Feb 022010
 

There’s a simple rule to remember when it comes to removable media handling (both within backups, and generally within IT) – if you don’t know where your media is, you can’t be certain someone hasn’t misappropriated it.

Taking this further, if you can’t be sure of the security of your backup media, you can’t be sure of the security of your backups; and if you can’t be sure of the security of your backups, you can’t be sure of your security of your data.

So, how can you be certain of the security of your media, and therefore your backups and data?

Here’s a few guidelines:

  • Always use reputable media handling companies. This is for a two-fold requirement. First, you want to make sure that the company that handles and stores your media knows how to treat it carefully. That means correct handling procedures, storage in appropriate environmental conditions, and storage in a location that is unlikely to be affected by disasters that could affect your datacentre. The second part of the requirement is knowing that the media is always secure. This means signed, authorised access, a known reputation for security, audited processes and (preferably) premises that you can periodically visit to confirm security levels.
  • Store media securely on-site too. It is far from the case that media can only be stolen when off-site or travelling to/from site. Indeed, some of Australia’s biggest media losses have occurred on-site due to poor media handling security. (I seriously doubt Australia is unique in this). Tapes shouldn’t be kept insecurely anywhere on-site. When being transported from the computer room to on-site storage, they should be securely monitored at all times. When readying for transport off-site, they should be kept under lock and key, or kept in a secure location. And when at-rest on-site, they should also be kept under lock and key.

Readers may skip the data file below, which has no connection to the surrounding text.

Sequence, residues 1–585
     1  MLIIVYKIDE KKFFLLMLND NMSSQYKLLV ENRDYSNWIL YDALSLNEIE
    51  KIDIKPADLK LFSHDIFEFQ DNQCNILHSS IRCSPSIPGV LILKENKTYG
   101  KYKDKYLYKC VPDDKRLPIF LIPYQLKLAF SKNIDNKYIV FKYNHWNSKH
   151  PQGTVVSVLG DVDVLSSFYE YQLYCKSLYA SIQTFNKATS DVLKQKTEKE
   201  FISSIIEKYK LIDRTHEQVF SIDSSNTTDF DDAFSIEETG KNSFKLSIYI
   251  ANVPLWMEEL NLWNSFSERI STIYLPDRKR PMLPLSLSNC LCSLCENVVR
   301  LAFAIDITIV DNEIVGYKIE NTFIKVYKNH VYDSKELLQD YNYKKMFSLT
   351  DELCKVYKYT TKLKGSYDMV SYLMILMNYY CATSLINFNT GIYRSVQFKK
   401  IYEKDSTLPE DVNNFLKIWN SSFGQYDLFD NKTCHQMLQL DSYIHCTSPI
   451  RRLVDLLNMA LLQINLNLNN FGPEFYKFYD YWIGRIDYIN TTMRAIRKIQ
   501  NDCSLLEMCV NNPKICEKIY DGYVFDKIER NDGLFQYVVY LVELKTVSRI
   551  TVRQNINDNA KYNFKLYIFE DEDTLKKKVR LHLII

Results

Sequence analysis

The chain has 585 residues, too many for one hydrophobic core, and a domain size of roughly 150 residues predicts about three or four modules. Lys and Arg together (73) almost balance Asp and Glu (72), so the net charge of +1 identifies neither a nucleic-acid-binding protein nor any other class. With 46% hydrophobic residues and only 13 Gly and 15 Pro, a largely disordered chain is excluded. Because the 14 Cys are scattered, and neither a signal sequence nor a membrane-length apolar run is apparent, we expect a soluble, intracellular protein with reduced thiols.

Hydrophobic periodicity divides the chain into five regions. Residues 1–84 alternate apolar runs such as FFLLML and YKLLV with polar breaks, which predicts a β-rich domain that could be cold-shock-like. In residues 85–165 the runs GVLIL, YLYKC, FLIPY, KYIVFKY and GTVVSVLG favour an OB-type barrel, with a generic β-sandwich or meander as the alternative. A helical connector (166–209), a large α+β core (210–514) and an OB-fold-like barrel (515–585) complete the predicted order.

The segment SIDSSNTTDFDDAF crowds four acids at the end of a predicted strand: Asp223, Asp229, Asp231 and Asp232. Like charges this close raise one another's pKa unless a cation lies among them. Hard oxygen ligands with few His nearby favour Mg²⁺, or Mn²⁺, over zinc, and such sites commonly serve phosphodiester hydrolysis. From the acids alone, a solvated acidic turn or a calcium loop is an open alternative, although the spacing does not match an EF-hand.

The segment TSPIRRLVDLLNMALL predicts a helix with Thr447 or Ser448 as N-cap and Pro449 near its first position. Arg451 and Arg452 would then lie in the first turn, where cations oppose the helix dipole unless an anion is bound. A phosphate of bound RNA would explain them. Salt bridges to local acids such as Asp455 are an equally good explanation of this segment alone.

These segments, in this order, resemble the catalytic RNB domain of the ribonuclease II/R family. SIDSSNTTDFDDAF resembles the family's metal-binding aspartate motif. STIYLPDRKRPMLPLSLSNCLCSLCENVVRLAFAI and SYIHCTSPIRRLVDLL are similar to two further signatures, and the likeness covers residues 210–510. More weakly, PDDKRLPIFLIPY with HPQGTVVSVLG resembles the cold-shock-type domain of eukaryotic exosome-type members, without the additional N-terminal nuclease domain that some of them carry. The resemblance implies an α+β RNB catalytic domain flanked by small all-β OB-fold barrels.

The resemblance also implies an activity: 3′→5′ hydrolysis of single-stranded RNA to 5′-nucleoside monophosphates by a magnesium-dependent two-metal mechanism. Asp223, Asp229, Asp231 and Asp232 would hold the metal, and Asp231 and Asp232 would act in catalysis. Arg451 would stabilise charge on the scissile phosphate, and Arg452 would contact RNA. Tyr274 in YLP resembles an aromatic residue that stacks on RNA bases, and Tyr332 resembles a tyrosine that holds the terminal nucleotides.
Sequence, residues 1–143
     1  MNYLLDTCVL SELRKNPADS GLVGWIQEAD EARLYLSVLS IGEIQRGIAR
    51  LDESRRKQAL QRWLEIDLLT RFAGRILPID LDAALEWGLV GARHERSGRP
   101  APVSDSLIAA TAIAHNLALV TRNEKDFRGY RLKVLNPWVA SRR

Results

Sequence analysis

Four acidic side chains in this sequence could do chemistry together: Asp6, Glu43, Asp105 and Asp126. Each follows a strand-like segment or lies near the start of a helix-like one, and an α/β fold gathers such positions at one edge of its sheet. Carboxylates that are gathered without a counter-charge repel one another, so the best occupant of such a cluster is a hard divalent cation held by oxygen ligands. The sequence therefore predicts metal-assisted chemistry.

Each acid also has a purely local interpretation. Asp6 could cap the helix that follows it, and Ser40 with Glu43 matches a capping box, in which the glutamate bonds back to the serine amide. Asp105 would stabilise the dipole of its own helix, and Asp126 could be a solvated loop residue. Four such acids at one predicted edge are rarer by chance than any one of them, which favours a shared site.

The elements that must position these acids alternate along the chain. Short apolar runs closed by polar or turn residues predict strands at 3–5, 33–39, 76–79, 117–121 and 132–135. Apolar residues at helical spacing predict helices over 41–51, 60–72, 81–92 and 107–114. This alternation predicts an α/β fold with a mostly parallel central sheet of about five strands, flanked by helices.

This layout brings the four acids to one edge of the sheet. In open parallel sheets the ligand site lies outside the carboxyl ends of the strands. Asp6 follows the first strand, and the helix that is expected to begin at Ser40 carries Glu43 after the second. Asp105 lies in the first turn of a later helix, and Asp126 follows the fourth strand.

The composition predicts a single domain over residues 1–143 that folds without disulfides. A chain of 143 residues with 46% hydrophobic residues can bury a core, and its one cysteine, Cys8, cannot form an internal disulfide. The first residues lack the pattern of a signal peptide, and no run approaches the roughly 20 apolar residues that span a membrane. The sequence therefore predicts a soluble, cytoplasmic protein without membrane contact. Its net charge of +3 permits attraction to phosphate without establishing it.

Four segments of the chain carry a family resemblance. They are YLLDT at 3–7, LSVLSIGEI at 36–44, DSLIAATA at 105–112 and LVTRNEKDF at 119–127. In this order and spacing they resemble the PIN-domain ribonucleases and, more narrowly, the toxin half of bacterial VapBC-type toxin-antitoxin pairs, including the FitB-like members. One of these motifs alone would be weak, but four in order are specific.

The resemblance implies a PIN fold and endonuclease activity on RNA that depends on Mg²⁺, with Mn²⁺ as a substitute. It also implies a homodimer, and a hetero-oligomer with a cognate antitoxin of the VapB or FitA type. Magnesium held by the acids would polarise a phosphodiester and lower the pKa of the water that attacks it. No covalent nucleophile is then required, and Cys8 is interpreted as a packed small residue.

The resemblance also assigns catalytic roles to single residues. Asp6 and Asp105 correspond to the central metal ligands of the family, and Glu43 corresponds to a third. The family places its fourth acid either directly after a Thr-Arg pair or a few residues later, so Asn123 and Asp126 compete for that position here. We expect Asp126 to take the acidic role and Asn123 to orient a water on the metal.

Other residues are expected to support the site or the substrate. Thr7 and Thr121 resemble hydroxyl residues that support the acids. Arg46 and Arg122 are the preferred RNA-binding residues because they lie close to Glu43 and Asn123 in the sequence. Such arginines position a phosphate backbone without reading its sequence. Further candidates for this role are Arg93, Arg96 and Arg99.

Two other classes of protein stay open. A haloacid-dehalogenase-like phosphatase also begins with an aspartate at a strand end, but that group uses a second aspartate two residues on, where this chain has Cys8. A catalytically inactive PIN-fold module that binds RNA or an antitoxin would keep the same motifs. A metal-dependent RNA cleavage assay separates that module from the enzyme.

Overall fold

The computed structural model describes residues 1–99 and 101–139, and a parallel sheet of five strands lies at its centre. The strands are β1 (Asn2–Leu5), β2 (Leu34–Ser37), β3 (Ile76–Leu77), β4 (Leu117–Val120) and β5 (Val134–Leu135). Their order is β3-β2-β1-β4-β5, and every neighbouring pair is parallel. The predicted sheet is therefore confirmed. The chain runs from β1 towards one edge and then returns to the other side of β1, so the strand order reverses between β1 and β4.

• Media encryption. For a long time media encryption has been available only to the high end of enterprise backup. However, with tape technologies such as LTO-4 incorporating hardware encryption, any company using removable media in their backup environment should either:
    • Already be using media encryption, or
    • Be actively planning moving to media encryption, or
    • If nothing else, use NetWorker’s software encryption on critically sensitive data if the business is too small to afford hardware-encryption devices. This means taking a hit on backup performance, but as the old saying goes, you can’t have your cake and eat it too. I.e., there’s always a cost to encryption.
  • Secure key management. Media encryption doesn’t mean a thing if you’re not using some form of secure key management. Discuss and plan backup key management with your corporate security policy makers.
  • Have established, immutable processes for the recall of media. Media that has been sent to offsite storage should either be returned under specific, agreed circumstances. That may be a fixed rotation policy normally, with provisions for recall for recoveries with specific authorisation. Make sure that authorisation process is locked down with your media offsite vendor so that social engineering attacks can’t be employed (particularly when it comes to ex-employees).
  • Use strong password management for backup server access. As I’ve previously discussed, your entire backup environment is only as secure as your backup server. This places a special responsibility on backup and system administrators to ensure that the backup environment is highly secure.

Of course, there’s more to backup systems security than the above, but I wanted to focus primarily on physical security considerations for removable media, which for a lot of sites represent the weakest link in the security of the backup environment (and by extension, a significantly weak link in the security of the company’s IT systems and data as well).

If you fail to focus on removable media security, you potentially leave your company open to data loss.

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